The trucking industry still accounts for the largest number of mesh tarps we sell. Among trucking firms, those running dump trucks appreciate mesh tarps for their obvious benefits. Consider that laws in all 50 states require dump truck operators to ensure their loads stay put. The thing is, dump truck loads do not usually have to be protected against the weather. A mesh tarp provides adequate coverage while allowing the load underneath to breathe.

Flatbed truckers also use mesh tarps from time to time. Again, they may have loads that need to be protected from airborne debris but not the weather. The beauty of the mesh tarp is that it does not inhibit airflow or trap moisture. The mesh tarp is an excellent choice for things like landscaping supplies and bee hives.

2. Privacy Screening

The second most popular use of mesh tarps is that of privacy screening. In a commercial setting, construction companies use mesh tarps for privacy all the time. They will completely enclose a construction site in order to keep people from getting a look at what is going on inside. They may be trying to prevent thieves from scoping out a property, or attempting to generate anticipation as a building project progresses.

3. Dust/Snow Barrier

We sell mesh tarps to farmers and agricultural operations looking to use them as barriers against dust and snow. For example, dust can be a big problem in the driest months of summer. A fence line consisting of posts and mesh tarp can significantly reduce the amount of dust traveling through a given area when the wind picks up.

During the winter months, those same fence lines can be used to control snowdrifts. Mesh tarps provide just enough of a barrier to snow without completely inhibiting airflow, making it possible to prevent the accumulation of snow where the owner does not want it. Think driveways and entryways to barns and other structures.

4. Creating Areas of Shade

Lastly, mesh tarps are great for creating temporary areas of shade without inhibiting airflow. Construction companies offer a good example. A construction company may have dozens of workers laboring in the hot sun on sites where natural shade is lacking. Utilizing mesh tarps for shade offers the kind of relief workers need while still being portable.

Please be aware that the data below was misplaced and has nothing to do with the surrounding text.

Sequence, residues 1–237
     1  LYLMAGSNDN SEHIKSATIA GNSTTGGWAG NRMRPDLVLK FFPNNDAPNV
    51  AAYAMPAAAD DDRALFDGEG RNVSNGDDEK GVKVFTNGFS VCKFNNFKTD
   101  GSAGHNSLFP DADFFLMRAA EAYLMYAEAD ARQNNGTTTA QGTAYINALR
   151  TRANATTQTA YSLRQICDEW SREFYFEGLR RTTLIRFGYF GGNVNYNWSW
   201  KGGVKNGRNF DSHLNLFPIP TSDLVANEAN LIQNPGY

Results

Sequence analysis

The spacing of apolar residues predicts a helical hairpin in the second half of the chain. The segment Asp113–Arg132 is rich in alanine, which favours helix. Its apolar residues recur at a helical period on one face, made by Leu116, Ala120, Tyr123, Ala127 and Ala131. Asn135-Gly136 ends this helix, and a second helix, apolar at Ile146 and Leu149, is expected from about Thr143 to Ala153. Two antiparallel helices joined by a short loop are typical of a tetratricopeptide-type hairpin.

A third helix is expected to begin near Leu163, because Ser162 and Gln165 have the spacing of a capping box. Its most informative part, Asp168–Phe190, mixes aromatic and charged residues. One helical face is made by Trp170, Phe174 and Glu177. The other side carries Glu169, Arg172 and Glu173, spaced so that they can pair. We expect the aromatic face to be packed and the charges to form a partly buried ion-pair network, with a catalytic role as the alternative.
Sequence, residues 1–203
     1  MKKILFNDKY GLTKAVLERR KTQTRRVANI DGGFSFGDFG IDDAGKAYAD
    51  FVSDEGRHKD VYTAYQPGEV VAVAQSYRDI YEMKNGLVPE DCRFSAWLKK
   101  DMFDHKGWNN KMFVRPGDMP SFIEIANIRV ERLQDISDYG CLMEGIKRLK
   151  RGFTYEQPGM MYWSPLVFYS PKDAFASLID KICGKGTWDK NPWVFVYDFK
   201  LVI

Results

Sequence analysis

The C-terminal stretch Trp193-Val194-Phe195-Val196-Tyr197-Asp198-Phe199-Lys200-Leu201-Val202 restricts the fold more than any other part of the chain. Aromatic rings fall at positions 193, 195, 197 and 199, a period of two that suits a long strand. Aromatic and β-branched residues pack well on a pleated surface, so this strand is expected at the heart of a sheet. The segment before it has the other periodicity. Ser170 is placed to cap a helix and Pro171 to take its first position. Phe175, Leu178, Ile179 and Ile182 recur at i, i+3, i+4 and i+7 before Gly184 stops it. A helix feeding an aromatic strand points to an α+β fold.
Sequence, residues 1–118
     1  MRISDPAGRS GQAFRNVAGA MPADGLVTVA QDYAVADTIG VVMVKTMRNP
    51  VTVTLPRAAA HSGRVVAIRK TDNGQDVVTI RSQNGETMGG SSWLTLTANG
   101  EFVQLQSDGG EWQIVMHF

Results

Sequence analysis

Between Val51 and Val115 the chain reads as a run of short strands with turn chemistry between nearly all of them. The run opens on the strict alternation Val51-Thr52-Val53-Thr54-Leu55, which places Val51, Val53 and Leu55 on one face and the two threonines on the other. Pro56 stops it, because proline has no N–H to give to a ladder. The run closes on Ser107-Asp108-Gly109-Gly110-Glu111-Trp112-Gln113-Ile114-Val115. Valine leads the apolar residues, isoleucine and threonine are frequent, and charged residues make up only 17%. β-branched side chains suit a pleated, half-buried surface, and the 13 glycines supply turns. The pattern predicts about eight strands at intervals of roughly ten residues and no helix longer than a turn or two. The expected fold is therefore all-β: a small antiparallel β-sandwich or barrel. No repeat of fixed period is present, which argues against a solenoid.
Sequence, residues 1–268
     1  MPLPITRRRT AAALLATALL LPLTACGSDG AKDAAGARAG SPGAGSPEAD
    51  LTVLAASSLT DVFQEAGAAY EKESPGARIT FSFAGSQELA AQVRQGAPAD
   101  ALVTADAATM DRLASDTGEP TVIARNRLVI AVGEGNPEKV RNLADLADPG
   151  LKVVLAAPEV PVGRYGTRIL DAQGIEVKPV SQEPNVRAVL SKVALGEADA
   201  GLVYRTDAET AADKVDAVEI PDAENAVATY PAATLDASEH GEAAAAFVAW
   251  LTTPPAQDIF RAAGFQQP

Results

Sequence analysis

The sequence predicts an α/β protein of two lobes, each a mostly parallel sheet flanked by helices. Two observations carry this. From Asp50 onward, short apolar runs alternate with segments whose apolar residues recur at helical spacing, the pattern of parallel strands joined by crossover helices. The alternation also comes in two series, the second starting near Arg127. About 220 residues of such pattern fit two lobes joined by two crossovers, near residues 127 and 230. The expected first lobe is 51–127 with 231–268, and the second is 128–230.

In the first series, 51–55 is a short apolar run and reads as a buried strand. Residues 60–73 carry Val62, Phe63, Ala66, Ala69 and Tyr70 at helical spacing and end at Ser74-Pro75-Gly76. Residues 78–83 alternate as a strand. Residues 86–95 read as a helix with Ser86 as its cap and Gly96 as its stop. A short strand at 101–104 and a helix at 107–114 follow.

Similarly, we have sold mesh tarps to farmers who use them to construct temporary shade for livestock out in the field. This is particularly helpful in southern states where the sun can be brutally hot at times. Shade structures can be erected at the start of summer and then taken down come fall.

Mytee products invites you to browse our selection of mesh tarps. We carry several different kinds including black and green shade tarps, privacy screen, PVC mesh tarps for dump trucks, and even specialized mesh tarps for truckers who haul unusual loads.

Aluminum Toolboxes: Organization Tips for Truckers

The average flatbed trucker has at least one toolbox affixed to his or her rig. Some have a large trailer toolbox and two aluminum step boxes to maximize storage space, and some drivers have even more. The thing to remember is that proper organization of aluminum tool boxes maximizes storage space and reduces the frustrations of not being able to find the tool you’re after when you need it.

What constitutes the right number and size of toolboxes isn’t for us to say. Every flatbed trucker has his or her own preferences. But Mytee can offer a few organizational tips to help truckers make the most of their storage space. Keep in mind that we carry a full inventory of aluminum toolboxes for truck drivers and pickup truck owners.


Organizing Tarps

Assuming you are the kind of trucker who stores tarps and toolboxes, the first rule of thumb is to consider which tarps you use most often. Let’s say you regularly haul lumber loads that require coverage on all sides. You are going to want those tarps easily accessible at all times.

You may have a selection of smaller smoke tarps or general purpose canvas tarps that you only use every once in a while for machinery loads. Because they are used less frequently, you can store them on the bottom of your toolbox in favor of putting your lumber tarps on top.

One thing to note is that tarps should never be put away while still wet. If throwing a wet tarp into a tool box is unavoidable at the time, it should be retrieved and dried out as soon as possible. Leaving tarps in long-term storage with moisture trapped in the folds is a good recipe for mold.